Focus: European Convention on Human Rights
Article 2: Everyone has the right to life
While the conflict between Israel and the occupied Palestinian territory has been ongoing for almost 50 years, the situation is not without hope.
Many Israelis, Palestinians and people from around the world are working to bring about understanding and peace. Children and adults want the same things as people everywhere.
Learning Intention: I am learning about the hopes of children in Israel and the occupied Palestinian territory.
Success Criteria: I can describe similarities and differences in the lives and hopes of Palestinian and Israeli children.
Three Wishes: Palestinian and Israeli Children Speak
Your class will be divided into 4 groups. Each group will be given a case study.
In your group, read, discuss and answer the questions for your case study. Select one wish, one difficulty/worry and one interesting fact from your case study. You are now the ‘experts’ on your case.
The class will be arranged into new groups, each group has at least one person who is an ‘expert’ on each of the case studies. Tell the rest of your new group about your case.
Your new group should now complete the Venn diagram to show similarities and differences between the Israeli and Palestinian children.
(Extracted from “Three Wishes: Palestinian and Israeli Children Speak” by Deborah Ellis. Children from Israel and Palestine were asked what they would wish for if they had 3 wishes).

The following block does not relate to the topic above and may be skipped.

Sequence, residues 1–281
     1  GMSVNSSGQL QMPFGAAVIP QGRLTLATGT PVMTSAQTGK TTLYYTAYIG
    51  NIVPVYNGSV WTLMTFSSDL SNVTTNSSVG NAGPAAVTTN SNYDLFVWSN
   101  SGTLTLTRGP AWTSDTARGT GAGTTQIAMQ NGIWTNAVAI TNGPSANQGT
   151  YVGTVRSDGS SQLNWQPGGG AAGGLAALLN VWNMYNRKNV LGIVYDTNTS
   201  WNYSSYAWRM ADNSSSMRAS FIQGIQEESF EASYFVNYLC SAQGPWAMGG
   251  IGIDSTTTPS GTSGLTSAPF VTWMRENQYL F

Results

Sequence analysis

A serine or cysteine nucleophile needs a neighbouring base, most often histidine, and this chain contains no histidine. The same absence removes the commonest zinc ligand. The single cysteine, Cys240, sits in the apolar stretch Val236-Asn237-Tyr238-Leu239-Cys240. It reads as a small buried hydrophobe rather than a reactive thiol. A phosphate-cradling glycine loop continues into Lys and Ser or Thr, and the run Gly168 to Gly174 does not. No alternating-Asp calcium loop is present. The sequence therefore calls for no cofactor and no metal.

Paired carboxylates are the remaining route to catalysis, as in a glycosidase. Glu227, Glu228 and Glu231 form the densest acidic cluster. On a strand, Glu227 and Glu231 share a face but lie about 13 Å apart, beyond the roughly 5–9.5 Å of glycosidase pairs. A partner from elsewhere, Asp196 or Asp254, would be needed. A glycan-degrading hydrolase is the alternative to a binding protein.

I am in year 4. My best subject is art. I love drawing, especially horses.
I was born in Ukraine, but I was adopted when I was two months old and brought to Israel. I don’t know anything about Ukraine, except that it gets very cold there.
I hear a lot about the war. I’m eight, which is not too young to know about war and bombs.
We have guards at our school to keep the Palestinians from blowing us up. One of the guards there was killed by a bomb. He wasn’t killed at our school, but somewhere else. I was very sad when I heard about it. I was afraid, too. Guards are supposed to protect us, but he couldn’t protect himself. If a bomb can kill a guard, it can also kill me or my family.
There is always a lot of talk about war. I have my own gas mask. All the kids at my school have one. This way, we can still breath if someone drops gas on us. There should be gas masks for horses too.
I don’t want to hurt anybody and I don’t want anybody to hurt me. I just want to ride horses. I don’t know if there are any Palestinian girls who love horses as much as I do. I don’t know any Palestinian girls.
I am a Palestinian Christian. Many Palestinian are Muslims and many of us are Christian. It doesn’t matter what religion we are. We are all Palestinians.
I live in Terra Sancta Boys Home in the Old City of Jerusalem. The home is run by monks, it’s for boys who don’t have parents or who have parents who can’t take care of them. I don’t have a mother but I have a father. He is in America and can’t take care of me or my brothers or sisters right now.
I don’t know very much about the war other than that it means the Palestinians have to live apart from each other. My family isn’t the only one that is split up. Families should be together or should at least be able to visit each other whenever they want to, but that’s not the way it is for most Palestinian families. We all seem to be separated from each other because we are not allowed to cross the roadblocks and can’t get through the checkpoints if we don’t have the right papers. Sometimes when I’m out walking or in church I see families all together and my inside aches.
I have never met any Jewish boys. When I see Jewish boys my age, they look at me and I look at them but we don’t say anything. I don’t know anything about them and they don’t know anything about me.